O Lord my God, I cried to you: and you have made me whole. O Lord, you have brought up my soul from Sheol, restored me to life. (Psalm 30:2-3)
Neither the Benedictine community as a whole nor its individual members are expected to be working feverishly… Instead there is contentment with the familiar, the ordinary, the monotonous… It is insisting on the acceptance of each element in the person, each member of the community, each activity of the day as valuable and significant in its own right… A vision of relatedness binds the parts together into the harmonious whole… The monk moves between praying and studying and working with his hands, going in turn from chapel to library to kitchen to farm…
When this happens to me I merely tend to feel that my life is marked by interruptions and I grumble and accept it with a bad grace. I feel disorganized and distracted as I am torn between family and job and leisure and the demands of the local community and the organizations which claim my membership, exhausted with travel and rush, with putting down one thing and picking up the next. Can I possibly, in the context of the understanding of the Rule, try to recognize that each of these elements plays a positive part in my life? That each is good? That with perhaps just a small amount more of space, of attention, above all of total attentiveness, to the demands of the moment, they might be able to feed and not to drain me? It would be quite ridiculous to pretend that this could be in any way comparable to the simple life which St Benedict is describing. But still I may find here something important to learn from an approach which insists that a holding in tension of varying activity can play an essential part in a pattern of positive, creative living. Ω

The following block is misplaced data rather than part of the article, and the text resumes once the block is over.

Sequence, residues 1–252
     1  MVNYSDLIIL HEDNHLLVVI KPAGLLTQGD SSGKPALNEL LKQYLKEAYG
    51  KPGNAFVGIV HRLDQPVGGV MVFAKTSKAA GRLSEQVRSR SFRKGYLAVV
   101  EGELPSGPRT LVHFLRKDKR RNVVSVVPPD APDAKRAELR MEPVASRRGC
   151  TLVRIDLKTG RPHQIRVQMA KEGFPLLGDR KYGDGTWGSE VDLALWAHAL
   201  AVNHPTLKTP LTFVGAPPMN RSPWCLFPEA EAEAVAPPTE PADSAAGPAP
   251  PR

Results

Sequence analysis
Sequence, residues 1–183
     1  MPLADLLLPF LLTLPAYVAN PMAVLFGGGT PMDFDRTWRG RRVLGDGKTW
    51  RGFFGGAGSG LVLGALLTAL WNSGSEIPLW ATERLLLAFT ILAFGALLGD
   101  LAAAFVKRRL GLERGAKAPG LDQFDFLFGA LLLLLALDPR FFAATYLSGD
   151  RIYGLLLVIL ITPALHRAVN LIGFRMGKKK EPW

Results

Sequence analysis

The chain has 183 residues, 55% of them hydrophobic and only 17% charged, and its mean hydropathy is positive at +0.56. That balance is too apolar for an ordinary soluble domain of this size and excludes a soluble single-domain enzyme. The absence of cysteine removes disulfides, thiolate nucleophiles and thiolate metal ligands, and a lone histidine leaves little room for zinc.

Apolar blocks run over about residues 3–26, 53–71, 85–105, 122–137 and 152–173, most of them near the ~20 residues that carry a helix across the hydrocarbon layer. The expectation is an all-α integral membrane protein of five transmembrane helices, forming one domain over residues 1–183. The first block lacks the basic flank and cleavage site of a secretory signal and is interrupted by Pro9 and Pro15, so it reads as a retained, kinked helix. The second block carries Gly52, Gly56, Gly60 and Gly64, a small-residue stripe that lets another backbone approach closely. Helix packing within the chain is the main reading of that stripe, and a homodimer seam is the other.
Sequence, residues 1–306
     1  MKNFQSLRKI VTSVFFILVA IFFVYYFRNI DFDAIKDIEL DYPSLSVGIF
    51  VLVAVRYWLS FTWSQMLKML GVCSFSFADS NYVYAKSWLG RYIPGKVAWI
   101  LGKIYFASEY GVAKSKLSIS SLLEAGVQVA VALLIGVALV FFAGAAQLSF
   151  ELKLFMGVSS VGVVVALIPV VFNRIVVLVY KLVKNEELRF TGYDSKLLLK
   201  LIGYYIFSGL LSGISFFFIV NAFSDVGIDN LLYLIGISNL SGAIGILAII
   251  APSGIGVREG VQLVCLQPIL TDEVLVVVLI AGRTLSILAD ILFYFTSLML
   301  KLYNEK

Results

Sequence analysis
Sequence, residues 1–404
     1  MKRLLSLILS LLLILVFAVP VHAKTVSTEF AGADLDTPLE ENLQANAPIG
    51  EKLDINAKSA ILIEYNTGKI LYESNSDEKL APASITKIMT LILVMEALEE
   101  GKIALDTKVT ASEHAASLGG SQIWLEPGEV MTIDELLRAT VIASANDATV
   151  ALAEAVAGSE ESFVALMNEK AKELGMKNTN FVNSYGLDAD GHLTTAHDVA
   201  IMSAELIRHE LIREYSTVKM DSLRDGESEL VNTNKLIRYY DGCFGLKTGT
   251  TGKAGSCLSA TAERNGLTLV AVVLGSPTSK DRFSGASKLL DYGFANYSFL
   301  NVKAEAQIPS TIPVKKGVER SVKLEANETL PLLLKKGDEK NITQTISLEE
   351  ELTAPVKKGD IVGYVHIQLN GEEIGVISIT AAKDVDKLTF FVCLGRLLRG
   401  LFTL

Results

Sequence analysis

Reflect: Tell God about the demands on you. Ask God to show you how these elements form an integrated whole; resolve to be attentive to God’s presence in each moment and activity.
What is this? Lent is the 40 days, excluding Sundays, before Easter. Traditionally it is a time of intense reflection and pilgrimage. To help you on this journey, Sanctuary has put together 40 stories from people both within and beyond the congregation, with associated questions for reflection and prayer. A reading will be uploaded every day of Lent.
From Esther de Waal, Seeking God. The Way of St Benedict. London: HarperCollinsReligious, 1984 and 1996, p 75-76. #Lent2021. Real People, Real Stories: 40 Readings for Lent, Sanctuary, 2021. Image credit: Rachel Coyne on Unsplash.
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